I first saw him dance, in 2004, at the Royal Ballet School’s Summer Fair at White Lodge, an annual event where the students perform for family and friends in the gardens and inside the building.

Polunin danced in The Sleeping Beauty pas de trois.

His technique was impeccable although he looked as if he would rather be almost anywhere else.

A few years later I saw him again, this time on the stage of the Royal Opera House in Frederick Ashton’s Rhapsody.

The blank look had, of course, gone. His performance was electric and his line was the epitome of classical perfection.

Although we see that perfection again in Dancer’s scenes from Giselle, La Bayadere and Spartacus, the documentary more often focuses on his pain, both physical and mental, as he struggles with life as a professional dancer at the Royal Ballet, a place that for him was a gilded cage.

The documentary takes an unfortunate turn when it swerves into the genre known in the book trade as a misery memoir.

His parents recall how difficult life was for them, how little money they had, and how his mother struggled in vain to get a visa to visit the UK and see her son.

The film ends with orchestrated “happy ever after” moments when the extended family reunites to see Polunin perform.

We see Mum and Dad sitting in the audience of a theatre watching their son with all the joy of Billy Elliott’s Dad, the man who scoffed at the idea of ballet but had tears in his eyes when Billy jumped onto the stage in Matthew Bourne’s interpretation of Swan Lake.

Until recently, Polunin has been supported by father figures, such as the dancers, Ivan Putrov and Igor Zelensky.

He now he has the support of his partner, the ballerina, Natalia Osipova, and with that, appears to have more confidence and security than he has had in his life so far.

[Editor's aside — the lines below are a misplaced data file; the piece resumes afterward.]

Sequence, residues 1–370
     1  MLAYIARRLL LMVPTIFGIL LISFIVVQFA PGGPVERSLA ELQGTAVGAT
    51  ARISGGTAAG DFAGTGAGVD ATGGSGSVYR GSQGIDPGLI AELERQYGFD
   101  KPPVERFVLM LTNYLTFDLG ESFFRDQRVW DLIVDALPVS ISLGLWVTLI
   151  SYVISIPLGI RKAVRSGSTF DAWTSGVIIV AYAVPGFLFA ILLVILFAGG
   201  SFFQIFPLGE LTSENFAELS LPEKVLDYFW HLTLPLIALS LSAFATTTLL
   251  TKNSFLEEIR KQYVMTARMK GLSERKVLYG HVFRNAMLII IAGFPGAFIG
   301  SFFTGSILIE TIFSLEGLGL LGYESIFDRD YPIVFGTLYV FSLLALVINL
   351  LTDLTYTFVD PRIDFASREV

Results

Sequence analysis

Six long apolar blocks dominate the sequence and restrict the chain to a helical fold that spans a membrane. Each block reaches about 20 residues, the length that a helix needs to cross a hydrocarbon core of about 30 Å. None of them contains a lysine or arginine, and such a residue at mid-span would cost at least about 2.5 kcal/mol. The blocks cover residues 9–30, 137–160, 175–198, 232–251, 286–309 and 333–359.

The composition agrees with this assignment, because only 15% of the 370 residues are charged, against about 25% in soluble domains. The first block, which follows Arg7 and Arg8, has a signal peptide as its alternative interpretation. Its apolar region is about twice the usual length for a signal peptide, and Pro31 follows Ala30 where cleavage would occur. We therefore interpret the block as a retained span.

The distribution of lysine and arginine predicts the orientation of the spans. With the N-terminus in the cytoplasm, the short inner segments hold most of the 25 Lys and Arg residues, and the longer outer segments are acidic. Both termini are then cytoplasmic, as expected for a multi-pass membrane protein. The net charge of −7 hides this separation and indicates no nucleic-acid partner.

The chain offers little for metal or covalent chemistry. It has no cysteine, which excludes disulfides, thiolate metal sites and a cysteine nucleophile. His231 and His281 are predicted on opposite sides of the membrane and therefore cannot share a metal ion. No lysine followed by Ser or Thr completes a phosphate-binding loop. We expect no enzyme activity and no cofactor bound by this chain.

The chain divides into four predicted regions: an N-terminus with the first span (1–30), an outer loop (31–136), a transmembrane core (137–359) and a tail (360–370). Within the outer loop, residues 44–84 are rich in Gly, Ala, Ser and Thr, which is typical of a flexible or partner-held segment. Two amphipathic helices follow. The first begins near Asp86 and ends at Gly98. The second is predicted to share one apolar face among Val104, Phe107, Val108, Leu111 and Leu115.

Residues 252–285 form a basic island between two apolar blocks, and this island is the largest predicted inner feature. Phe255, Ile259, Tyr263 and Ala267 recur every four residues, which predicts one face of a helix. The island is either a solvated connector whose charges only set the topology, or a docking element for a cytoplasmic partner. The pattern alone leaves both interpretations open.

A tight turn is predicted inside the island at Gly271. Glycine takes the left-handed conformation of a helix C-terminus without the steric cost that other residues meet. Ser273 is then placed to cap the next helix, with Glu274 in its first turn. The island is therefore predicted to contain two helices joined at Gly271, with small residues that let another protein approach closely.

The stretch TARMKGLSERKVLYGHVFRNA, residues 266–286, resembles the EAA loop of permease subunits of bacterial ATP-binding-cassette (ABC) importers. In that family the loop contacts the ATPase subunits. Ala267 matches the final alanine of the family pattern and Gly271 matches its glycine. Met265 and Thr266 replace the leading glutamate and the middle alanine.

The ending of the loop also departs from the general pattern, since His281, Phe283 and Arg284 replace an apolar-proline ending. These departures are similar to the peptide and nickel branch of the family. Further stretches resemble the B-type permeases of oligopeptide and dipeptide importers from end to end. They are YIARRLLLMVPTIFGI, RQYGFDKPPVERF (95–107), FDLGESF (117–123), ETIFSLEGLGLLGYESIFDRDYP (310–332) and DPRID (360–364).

This year the couple put together ‘Natalia Osipova & Guests’, a show that opened at Sadlers Wells in London and has since travelled to the Edinburgh Festival, New York and Athens and will tour to Auckland in March.

The idea seems to have sprung from Sylvie Guillem’s post-ballet initiative of commissioning contemporary choreographers and assembling small groups of dancers as a way of continuing her dance career.

But, judging from the London and New York reviews of the Osipova/Polunin show, the couple will need to commission more compelling choreography than they’ve chosen so far.

Meanwhile, Polunin is following Guillem in another way.

Once she was the reclusive ‘Mademoiselle No’ (the dancer who had her own way and no other way), who refused to be photographed and seldom gave interviews.

That all ended when she emarked on international tours with her own groups or partners such as Akram Khan and Sidi Larbi Cherkaoui.

Once, Polunin was also reclusive, “the bad boy” of ballet, searching for his own way, not the company way, and he was not known as friendly to the media.

Now, as a freelancer with the Take Me to Church YouTube sensation and documentary as his calling cards, he’s giving interviews wherever he can.

When the flurry of publicity calms down, let’s hope he will continue his career in ballet, choosing his roles the way he wants, but without the angst of before.

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Sergei Polunin, Take Me to Church

Sergei Polunin, still from Dancer, the documentary

Sergei Polunin in Spartacus

Sergei Polunin, Take Me to Church

Sergei Polunin, Vogue Hommes, Paris, April 2016